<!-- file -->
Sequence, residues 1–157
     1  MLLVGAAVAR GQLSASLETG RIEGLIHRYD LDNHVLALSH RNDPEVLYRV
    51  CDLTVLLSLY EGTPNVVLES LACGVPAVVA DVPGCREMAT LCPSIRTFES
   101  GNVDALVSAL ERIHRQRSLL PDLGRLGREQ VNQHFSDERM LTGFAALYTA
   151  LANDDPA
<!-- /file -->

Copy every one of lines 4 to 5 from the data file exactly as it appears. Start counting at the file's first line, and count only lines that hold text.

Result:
   101  GNVDALVSAL ERIHRQRSLL PDLGRLGREQ VNQHFSDERM LTGFAALYTA
   151  LANDDPA